5. Communicate with your clients

Don't agree a deadline two weeks in advance and then disappear off the client's radar. It's good to keep them updated with your progress to make them feel confident you're doing a good job.

It takes five minutes to send a ‘catch up' email saying ‘I'm making great progress with your project and am on target for delivery at the agreed time'. Your clients will appreciate this and it will inspire confidence in your standards of service. It also buys you time with nervous clients, as they aren't compelled to constantly contact you for progress reports.

As a freelance copywriter, it's essential to manage your time properly – for both your clients' and your own sake. If you make a bad job of your organisation, you'll probably make a bad job of your copy too.

Source: Free Articles from ArticlesFactory.com


An English graduate from the University of Birmingham and professionally trained journalist at postgraduate level, Laurence James has been copywriting for over ten years. A Member of The Institute of Direct Marketing, he is also founder of The Copy Box.

How to Do Nothing

How to Do Nothing

from wikiHow - The How to Manual That You Can Edit

For those of us who are non-stop workaholics, doing nothing can actually be pretty difficult! If you're like the Energizer bunny in that you keep going, and going, and going, here's how to stop once in a while, think pleasant thoughts, visit the beach, stare at the water, and just do nothing.


  1. Plan ahead. Whether it's an hour, a day, a week, a month, or year of doing nothing, cancel all of your appointments for that block of time. Try to pick the most boring week or day, a day where you'll most likely sleep most of the time.
  2. Let people know. Tell everyone that you're going to be "busy" and will be unavailable. Whether you choose to tell them that you're actually setting aside some time to 'do nothing', or you just give them the vague explanation "I'm going to be busy" (busy doing nothing!), tell them not to call, visit, or interrupt unless it's a real emergency.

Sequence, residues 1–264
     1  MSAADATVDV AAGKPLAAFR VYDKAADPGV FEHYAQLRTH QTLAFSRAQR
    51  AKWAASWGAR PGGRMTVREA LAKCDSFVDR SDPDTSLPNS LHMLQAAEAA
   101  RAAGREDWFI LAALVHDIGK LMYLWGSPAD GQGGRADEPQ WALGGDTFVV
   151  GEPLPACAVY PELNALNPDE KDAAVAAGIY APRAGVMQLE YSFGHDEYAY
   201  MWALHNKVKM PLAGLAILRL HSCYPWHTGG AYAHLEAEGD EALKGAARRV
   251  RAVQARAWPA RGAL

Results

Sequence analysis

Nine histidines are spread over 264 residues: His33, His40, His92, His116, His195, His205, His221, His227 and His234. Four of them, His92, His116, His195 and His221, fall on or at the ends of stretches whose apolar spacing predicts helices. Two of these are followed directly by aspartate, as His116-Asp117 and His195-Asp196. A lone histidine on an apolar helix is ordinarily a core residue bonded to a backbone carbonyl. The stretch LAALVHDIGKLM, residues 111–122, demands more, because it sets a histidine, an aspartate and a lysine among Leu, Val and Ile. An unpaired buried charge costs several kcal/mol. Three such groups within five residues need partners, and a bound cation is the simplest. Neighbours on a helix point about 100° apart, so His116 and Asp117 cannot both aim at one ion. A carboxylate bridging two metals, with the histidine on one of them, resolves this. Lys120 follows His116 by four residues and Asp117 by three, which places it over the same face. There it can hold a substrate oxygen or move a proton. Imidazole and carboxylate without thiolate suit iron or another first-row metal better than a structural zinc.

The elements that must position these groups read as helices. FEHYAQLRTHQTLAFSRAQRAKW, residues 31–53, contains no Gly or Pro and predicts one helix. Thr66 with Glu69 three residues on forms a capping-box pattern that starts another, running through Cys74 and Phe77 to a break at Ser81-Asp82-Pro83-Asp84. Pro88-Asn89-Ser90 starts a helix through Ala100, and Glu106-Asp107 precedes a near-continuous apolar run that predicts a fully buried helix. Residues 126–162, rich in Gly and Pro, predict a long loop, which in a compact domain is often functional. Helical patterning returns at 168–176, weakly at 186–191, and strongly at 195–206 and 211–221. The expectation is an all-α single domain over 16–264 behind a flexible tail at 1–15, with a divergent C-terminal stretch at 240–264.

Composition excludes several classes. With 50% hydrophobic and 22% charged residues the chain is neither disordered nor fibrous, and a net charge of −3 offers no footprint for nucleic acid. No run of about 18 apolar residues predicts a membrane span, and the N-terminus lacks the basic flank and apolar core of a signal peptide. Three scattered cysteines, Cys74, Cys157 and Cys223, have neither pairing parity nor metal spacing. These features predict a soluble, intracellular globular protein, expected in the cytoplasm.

3. Find a quiet, private place. Go somewhere you don't feel pressured to do anything. This might be your bedroom, the backyard, or a local park. Find that place and go there.
  4. Set your alarm. Set an alarm of some kind to go off when your "nothing" time is over, so that you don't have to constantly look at the clock and count the minutes.
  5. Turn off the phone. Turn off your cell phone, work phone, PDA, Blackberry, computer, radio, television, iPhone and any other means of sending or receiving calls or messages. These distractions will only keep you from enjoying the nothing.
  6. Sit by yourself. Feel the wind, the sun on your face, the chair touching your bottom. Listen to the rustle of the trees, birds chirping, water flowing. Never think about the past or future. Avoid the temptation to turn on the TV, listen to music, write a note to yourself, get a bite to eat, or anything else. The only thing you should do is go to the bathroom (if needed).
  7. Learn how to free your mind. Clear your mind of all thoughts of work, worries, family, etc. by simply letting them go. Doing this not only allows your body to do nothing, but your mind as well. However, do not be worried if you find yourself thinking of things. Freeing up one's mind is actually very difficult to master, and often requires more discipline than some free time (Buddhist monks, for example, dedicate their entire lives to freeing their minds).